Motion Sickness Disorientation and Clinical Vestibular Diseases producing Vertigo

“…sailing on the sea proves that motion disorders the body…” observed the Greek physician Hippocrates over two thousand years ago. Our word ‘nausea’ derives from the Greek root word ‘naus’, hence ‘nautical’ meaning a ship. The general term ‘motion sickness’ embraces car-sickness, air-sickness, space-sickness, sea-sickness, etc. These are caused in healthy people by abnormal visual and force environments.

There are some similarities between motion sickness and the effects of vestibular disease in causing vertigo and associated symptoms. Indeed, the former might describe ‘a healthy person in a sick environment’, whereas the latter describes ‘a sick person in a healthy environment’.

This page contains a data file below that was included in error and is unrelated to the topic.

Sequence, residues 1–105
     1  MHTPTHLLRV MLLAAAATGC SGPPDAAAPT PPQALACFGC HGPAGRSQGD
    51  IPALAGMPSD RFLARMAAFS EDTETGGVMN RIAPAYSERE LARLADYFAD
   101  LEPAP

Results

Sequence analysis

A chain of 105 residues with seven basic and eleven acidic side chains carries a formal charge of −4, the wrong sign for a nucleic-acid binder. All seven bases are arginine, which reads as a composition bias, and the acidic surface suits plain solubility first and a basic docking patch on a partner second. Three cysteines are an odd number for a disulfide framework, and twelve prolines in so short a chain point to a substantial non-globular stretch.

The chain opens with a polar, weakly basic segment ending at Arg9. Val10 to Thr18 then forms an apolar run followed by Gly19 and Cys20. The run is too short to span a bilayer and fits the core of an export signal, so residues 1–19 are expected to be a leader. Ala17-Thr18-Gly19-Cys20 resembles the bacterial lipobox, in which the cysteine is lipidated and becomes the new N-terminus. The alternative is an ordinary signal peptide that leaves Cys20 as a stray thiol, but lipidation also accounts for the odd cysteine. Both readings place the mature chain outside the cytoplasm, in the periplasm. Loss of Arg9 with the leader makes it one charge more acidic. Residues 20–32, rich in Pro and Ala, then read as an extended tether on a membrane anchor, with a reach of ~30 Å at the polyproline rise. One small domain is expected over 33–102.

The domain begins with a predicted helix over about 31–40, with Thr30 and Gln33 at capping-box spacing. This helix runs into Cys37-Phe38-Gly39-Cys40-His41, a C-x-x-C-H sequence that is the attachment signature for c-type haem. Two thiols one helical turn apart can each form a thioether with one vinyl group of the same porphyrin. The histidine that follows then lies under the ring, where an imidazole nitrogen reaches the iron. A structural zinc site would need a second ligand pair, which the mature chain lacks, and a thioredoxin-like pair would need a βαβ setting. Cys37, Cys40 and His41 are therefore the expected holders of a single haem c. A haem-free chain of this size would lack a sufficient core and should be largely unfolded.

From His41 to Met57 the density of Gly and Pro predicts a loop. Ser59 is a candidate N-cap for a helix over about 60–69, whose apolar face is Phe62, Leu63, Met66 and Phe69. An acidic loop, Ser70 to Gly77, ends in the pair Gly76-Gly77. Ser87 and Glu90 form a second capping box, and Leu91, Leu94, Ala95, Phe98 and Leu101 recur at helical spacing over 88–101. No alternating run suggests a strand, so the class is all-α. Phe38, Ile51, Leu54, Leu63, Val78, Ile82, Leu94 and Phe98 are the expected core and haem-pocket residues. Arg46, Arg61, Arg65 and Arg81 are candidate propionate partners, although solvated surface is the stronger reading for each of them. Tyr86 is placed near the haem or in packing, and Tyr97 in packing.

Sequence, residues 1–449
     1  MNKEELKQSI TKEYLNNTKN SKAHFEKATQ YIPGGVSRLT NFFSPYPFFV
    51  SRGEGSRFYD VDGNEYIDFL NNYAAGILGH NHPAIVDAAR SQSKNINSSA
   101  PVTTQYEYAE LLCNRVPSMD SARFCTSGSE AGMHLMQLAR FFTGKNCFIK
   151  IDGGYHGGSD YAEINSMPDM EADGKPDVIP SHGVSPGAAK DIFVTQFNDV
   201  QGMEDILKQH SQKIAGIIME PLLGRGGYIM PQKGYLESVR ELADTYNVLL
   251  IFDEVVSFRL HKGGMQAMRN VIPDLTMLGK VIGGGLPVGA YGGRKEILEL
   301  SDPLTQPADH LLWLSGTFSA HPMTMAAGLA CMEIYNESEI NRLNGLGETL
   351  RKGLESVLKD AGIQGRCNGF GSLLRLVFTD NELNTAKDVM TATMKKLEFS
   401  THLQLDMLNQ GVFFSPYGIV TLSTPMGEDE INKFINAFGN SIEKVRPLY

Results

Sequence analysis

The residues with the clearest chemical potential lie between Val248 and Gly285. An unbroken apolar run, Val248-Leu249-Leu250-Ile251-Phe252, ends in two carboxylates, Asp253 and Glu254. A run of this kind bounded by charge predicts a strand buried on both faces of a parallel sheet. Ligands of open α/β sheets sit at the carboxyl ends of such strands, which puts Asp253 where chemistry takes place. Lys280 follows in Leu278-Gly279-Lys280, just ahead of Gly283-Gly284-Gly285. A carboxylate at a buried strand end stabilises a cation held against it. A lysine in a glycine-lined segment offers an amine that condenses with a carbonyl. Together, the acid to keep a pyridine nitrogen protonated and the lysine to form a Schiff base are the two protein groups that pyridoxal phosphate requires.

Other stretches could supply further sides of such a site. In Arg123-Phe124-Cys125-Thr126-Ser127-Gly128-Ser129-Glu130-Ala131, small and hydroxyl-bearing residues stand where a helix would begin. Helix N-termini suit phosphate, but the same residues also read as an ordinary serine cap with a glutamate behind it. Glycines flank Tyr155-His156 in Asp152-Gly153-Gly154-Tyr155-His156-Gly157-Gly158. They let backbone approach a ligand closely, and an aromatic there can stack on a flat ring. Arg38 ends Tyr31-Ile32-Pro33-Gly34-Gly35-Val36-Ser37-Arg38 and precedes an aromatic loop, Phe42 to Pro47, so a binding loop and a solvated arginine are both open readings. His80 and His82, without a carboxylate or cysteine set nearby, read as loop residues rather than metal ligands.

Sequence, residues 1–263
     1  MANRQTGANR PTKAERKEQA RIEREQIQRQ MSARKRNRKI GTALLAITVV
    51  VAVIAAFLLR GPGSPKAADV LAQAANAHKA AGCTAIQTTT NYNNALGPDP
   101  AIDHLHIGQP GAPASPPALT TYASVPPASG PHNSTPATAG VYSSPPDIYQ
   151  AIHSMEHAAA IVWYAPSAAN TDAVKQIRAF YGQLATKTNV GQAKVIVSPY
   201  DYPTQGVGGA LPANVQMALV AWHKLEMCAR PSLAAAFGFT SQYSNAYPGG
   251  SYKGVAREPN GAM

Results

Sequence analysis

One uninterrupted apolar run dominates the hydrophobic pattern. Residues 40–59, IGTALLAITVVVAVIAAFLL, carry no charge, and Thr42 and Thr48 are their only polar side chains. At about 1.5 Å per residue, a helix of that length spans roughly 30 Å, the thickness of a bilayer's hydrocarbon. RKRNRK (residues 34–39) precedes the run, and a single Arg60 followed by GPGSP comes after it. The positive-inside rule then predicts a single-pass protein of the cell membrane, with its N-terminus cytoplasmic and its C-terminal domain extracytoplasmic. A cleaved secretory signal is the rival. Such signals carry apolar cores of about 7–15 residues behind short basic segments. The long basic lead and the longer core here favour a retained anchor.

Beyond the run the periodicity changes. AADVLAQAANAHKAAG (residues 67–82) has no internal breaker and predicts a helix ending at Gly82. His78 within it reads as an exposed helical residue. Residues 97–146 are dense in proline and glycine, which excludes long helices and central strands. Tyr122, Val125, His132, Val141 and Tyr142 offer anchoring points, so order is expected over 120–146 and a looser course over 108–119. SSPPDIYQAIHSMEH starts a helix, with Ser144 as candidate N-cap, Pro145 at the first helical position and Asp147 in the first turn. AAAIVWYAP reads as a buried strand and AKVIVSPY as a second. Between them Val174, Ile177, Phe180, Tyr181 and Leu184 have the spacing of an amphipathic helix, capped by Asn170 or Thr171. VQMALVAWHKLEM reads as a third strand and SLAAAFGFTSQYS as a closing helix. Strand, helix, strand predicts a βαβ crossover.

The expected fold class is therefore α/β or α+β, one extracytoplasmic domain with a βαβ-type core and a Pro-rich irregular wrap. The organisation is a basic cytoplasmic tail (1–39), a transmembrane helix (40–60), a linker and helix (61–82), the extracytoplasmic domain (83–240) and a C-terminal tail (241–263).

Current research projects investigate the causes and possible counter-measures for these conditions. Research internal to the Psychology Dept employs our specialist laboratories which can reliably induce motion sickness using a cross-coupled motion simulator and optokinetic stimulation. There are also motion sickness research collaborations with Univ Caen, France and with USAARL Fort Rucker, USA.

Collaborative research on patients suffering from vestibular disorders concentrates on predictors of outcome and new medical treatment approaches. These are in collaboration with Kings College, London and with Imperial College, London.

For more information, contact John F Golding, [email protected].